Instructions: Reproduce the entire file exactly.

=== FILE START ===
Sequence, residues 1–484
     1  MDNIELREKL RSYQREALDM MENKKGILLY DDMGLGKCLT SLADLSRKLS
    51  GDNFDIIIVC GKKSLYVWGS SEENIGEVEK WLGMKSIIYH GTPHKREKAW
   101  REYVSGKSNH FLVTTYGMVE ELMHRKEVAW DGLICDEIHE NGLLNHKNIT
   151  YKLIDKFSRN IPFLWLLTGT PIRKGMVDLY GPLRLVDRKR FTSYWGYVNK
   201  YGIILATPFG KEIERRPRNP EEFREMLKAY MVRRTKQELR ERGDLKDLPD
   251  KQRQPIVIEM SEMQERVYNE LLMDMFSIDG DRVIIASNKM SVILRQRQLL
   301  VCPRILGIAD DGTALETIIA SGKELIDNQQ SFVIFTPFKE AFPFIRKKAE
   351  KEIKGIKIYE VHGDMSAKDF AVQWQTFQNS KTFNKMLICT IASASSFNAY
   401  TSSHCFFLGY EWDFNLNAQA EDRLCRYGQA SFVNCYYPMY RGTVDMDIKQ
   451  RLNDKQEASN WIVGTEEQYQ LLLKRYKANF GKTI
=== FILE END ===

Sequence, residues 1–484
     1  MDNIELREKL RSYQREALDM MENKKGILLY DDMGLGKCLT SLADLSRKLS
    51  GDNFDIIIVC GKKSLYVWGS SEENIGEVEK WLGMKSIIYH GTPHKREKAW
   101  REYVSGKSNH FLVTTYGMVE ELMHRKEVAW DGLICDEIHE NGLLNHKNIT
   151  YKLIDKFSRN IPFLWLLTGT PIRKGMVDLY GPLRLVDRKR FTSYWGYVNK
   201  YGIILATPFG KEIERRPRNP EEFREMLKAY MVRRTKQELR ERGDLKDLPD
   251  KQRQPIVIEM SEMQERVYNE LLMDMFSIDG DRVIIASNKM SVILRQRQLL
   301  VCPRILGIAD DGTALETIIA SGKELIDNQQ SFVIFTPFKE AFPFIRKKAE
   351  KEIKGIKIYE VHGDMSAKDF AVQWQTFQNS KTFNKMLICT IASASSFNAY
   401  TSSHCFFLGY EWDFNLNAQA EDRLCRYGQA SFVNCYYPMY RGTVDMDIKQ
   451  RLNDKQEASN WIVGTEEQYQ LLLKRYKANF GKTI